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Supporting the Strategic Plan

The strategies and action steps in the recently approved Strategic Plan will require the dedication of resources to accomplish the desired outcome. Such resources may include staff time or supplies and purchased services. Many action steps can be accomplished within existing budget parameters, but some will almost certainly require new revenues. 

In recent years, the District has added many new opportunities for our students with the resources currently available (e.g. International Baccalaureate, Project Lead The Way, Southland CAPS, expanded technology integration, expanded summer school). However, the district operating levy ceiling has not increased since 2003, and the current total levy decreased in 2017 due to an increase in property values. 

Academic Achievement 

Ray-Pec has a history of solid academic achievement at a very reasonable cost. When comparing to other KC metro districts, Ray-Pec is consistently among the top 10 in achievement while spending over 10% less than the state average per student (see Academic Success). 

The KC metro rankings show, however, a general trend of higher student performance in conjunction with greater teacher pay and higher expenditures per student. Ray-Pec, like most districts, spends about 75% of its operating budget on staff. Recruiting and retaining the highest quality staff possible has become a primary challenge in recent years. 

Establishing a market competitive salary and benefit plan was the most often cited priority during the strategic planning feedback process, even when excluding staff member responses from the feedback. 

Levy scenarios

The combination of needs identified in the Strategic Plan will require additional resources to be accomplished in total. The primary way a school district can increase revenues is through a voter-approved increase to the operating tax levy.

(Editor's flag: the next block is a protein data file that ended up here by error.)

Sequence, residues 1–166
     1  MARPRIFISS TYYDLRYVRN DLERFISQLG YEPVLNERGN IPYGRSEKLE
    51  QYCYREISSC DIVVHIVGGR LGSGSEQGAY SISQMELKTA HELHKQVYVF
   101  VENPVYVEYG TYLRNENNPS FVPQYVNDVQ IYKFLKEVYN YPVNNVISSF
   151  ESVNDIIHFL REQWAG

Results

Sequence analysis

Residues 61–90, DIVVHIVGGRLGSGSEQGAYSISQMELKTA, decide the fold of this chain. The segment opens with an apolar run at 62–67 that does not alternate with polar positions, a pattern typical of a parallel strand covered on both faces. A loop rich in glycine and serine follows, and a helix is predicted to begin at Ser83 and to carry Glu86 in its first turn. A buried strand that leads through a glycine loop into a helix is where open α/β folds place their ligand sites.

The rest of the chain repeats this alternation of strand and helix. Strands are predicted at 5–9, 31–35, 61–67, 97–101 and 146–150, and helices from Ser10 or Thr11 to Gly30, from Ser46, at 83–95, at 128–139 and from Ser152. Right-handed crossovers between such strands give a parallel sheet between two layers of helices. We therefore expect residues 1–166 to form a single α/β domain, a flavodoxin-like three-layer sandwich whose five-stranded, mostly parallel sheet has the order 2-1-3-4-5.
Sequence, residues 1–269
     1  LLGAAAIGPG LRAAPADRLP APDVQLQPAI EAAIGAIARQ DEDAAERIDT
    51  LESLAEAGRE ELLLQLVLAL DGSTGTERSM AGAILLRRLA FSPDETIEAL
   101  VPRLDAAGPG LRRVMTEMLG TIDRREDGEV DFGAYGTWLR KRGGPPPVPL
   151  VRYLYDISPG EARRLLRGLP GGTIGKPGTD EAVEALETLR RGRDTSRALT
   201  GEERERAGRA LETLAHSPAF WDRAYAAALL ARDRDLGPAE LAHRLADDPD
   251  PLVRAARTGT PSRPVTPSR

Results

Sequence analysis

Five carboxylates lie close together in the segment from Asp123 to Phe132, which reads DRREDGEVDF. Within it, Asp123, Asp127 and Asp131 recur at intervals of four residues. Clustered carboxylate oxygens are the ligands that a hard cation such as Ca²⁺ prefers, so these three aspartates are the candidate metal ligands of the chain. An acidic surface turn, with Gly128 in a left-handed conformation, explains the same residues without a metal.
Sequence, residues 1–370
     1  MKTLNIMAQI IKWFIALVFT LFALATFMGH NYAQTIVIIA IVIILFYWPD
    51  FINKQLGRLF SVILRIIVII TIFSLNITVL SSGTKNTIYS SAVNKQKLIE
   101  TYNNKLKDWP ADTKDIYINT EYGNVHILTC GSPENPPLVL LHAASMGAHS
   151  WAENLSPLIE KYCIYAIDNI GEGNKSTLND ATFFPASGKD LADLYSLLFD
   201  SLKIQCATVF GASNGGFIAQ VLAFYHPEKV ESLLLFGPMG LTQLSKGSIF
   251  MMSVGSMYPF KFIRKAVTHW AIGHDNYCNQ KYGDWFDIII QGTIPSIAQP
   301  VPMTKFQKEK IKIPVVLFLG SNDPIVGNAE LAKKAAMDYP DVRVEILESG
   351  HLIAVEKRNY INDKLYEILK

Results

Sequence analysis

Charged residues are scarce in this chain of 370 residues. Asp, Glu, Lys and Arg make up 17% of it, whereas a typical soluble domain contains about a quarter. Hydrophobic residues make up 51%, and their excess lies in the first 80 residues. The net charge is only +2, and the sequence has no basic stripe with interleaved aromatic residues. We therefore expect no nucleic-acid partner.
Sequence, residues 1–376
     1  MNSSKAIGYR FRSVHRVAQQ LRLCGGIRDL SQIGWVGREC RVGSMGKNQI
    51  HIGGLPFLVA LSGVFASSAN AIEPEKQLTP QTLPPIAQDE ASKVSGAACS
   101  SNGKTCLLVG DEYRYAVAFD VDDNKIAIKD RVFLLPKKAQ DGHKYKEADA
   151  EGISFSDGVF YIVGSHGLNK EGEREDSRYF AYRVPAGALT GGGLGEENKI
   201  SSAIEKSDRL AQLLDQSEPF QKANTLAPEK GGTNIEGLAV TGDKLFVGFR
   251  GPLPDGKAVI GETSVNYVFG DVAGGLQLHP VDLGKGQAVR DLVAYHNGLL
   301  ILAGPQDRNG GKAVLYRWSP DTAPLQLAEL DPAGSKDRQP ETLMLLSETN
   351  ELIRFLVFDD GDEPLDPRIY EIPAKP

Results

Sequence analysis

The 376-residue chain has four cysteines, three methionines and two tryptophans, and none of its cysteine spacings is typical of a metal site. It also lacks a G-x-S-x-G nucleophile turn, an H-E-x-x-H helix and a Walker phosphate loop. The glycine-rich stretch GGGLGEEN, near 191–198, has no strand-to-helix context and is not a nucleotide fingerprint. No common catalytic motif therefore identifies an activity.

After the Board’s preliminary discussion on this topic in December 2017, a refined list of increased levy scenarios (see Levy Impact Scenarios) was developed for consideration. A corresponding set of ballot resolutions was developed based on that December discussion, with a potential increase of 70 cents, 75 cents, or 80 cents. During a special meeting on Jan. 18, 2018, the Board voted to seek an operating levy increase of 75 cents. At the same time, the debt service tax rate is scheduled to decrease by 30 cents, resulting in a net tax rate increase of 45 cents.

Debt service levy will decrease

The Ray-Pec property tax rate is made up of an operating tax levy and a debt service tax levy. The debt service levy can only be used to generate funds to pay off existing facility debt financed through general obligation bonds, such as the $27 million bond issue passed in 2016. The District has consistently paid down outstanding bonds and refinanced remaining bonds for the lowest possible interest rate. 

Considering this and the recent increase in local property values, the current debt service levy can be decreased by up to 30 cents to meet our current obligations. This reduction can offset a request to increase the operating levy. Any increase in the operating levy, along with other general revenue increases, can be dedicated to a variety of strategies and action steps within the Strategic Plan. 

How will additional funds be used?

Here is more detail on how the resources could be used to support the Strategic Plan (see Use of Funds). 

Such allocations should be considered estimates, since in each budget year the Board will need to update priorities to allocate available resources based on long-range plans and current needs. The mix from year to year may vary among the three Focus Areas and specific strategies in the Strategic Plan. 

Salary comparisons

As mentioned previously, approximately 75% of the operating budget covers staffing costs. Teacher salary comparisons have been generated for the KC Metro Top 10 districts mentioned previously (see Salary Comparison Information). 

Ray-Pec consistently ranks in the lower third of that group of districts, most of which are in direct competition for high quality staff. This is generally true for other staff categories as well. Moving closer to the districts in the top third will require additional resources.